From Jonathan Livingston Seagull

by Richard Bach

To the real Jonathan Seagull, who lives within us all

Part One

It was morning, and the new sun sparkled gold across the ripples of a gentle sea.

A mile from shore a fishing boat chummed the water, and the word for Breakfast Flock flashed through the air, till a crowd of a thousand seagulls came to dodge and fight for bits of food. It was another busy day beginning.

But way off alone, out by himself beyond boat and shore, Jonathan Livingston Seagull was practicing. A hundred feet in the sky he lowered his webbed feet, lifted his beak, and strained to hold a painful hard twisting curve through his wings. The curve meant that he would fly slowly, and now he slowed until the wind was a whisper in his face, until the ocean stood still beneath him. He narrowed his eyes in fierce concentration, held his breath, forced one . . . single . . . more . . . inch . . . of . . . curve . . . Then his feathers ruffled, he stalled and fell.

Seagulls, as you know, never falter, never stall. To stall in the air is for them disgrace and it is dishonor.

But Jonathan Livingston Seagull, unashamed, stretching his wings again in that trembling hard curve—slowing, slowing, and stalling once more—was no ordinary bird.

Most gulls don’t bother to learn more than the simplest facts of flight—how to get from shore to food and back again. For most gulls, it is not flying that matters, but eating. For this gull, though, it was not eating that mattered, but flight. More than anything else, Jonathan Livingston Seagull loved to fly.

This kind of thinking, he found, is not the way to make one’s self popular with other birds. Even his parents were dismayed as Jonathan spent whole days alone, making hundreds of low-level glides, experimenting.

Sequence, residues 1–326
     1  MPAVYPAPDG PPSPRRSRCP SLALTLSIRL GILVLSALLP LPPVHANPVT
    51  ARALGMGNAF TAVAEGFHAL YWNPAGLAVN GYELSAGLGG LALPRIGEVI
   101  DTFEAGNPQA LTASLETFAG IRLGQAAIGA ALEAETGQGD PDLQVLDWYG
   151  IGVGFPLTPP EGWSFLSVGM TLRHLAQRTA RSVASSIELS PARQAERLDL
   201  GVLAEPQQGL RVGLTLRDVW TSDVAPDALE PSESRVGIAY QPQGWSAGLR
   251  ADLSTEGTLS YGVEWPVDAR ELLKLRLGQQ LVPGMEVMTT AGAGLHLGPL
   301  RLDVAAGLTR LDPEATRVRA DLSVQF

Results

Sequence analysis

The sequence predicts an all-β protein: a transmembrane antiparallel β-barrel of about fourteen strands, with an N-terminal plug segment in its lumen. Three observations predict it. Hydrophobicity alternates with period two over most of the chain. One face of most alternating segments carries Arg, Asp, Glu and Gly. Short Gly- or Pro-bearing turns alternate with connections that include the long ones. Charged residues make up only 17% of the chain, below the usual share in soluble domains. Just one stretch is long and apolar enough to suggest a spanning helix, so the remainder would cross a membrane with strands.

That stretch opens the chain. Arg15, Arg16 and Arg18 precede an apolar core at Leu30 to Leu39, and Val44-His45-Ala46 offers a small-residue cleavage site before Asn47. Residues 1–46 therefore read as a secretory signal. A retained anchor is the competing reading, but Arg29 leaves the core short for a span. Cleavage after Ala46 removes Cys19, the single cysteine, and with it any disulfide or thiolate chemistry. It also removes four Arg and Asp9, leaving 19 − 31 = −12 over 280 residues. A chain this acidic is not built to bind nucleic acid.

He didn’t know why, for instance, but when he flew at altitudes less than half his wingspan above the water, he could stay in the air longer, with less effort. His glides ended not with the usual feet-down splash into the sea, but with a long flat wake as he touched the surface with his feet tightly streamlined against his body. When he began sliding in to feet-up landings on the beach, then pacing the length of his slide in the sand, his parents were very much dismayed indeed.

“Why, Jon, why?” his mother asked. “Why is it so hard to be like the rest of the flock, Jon? Why can’t you leave low flying to the pelicans, the albatross? Why don’t you eat? Son, you’re bone and feathers!”

“I don’t mind being bone and feathers, mom. I just want to know what I can do in the air and what I can’t, that’s all. I just want to know.”

“See here, Jonathan ” said his father, not unkindly. “Winter isn’t far away. Boats will be few, and the surface fish will be swimming deep. If you must study, then study food, and how to get it. This flying business is all very well, but you can’t eat a glide, you know. Don’t you forget that the reason you fly is to eat.”

Jonathan nodded obediently. For the next few days he tried to behave like the other gulls; he really tried, screeching and fighting with the flock around the piers and fishing boats, diving on scraps of fish and bread. But he couldn’t make it work.

It’s all so pointless, he thought, deliberately dropping a hard-won anchovy to a hungry old gull chasing him. I could be spending all this time learning to fly. There’s so much to learn!

***

It wasn’t long before Jonathan Gull was off by himself again, far out at sea, hungry, happy, learning.

The subject was speed, and in a week’s practice he learned more about speed than the fastest gull alive.

From a thousand feet, flapping his wings as hard as he could, he pushed over into a blazing steep dive toward the waves, and learned why seagulls don’t make blazing steep power-dives. In just six seconds he was moving seventy miles per hour, the speed at which one’s wing goes unstable on the upstroke.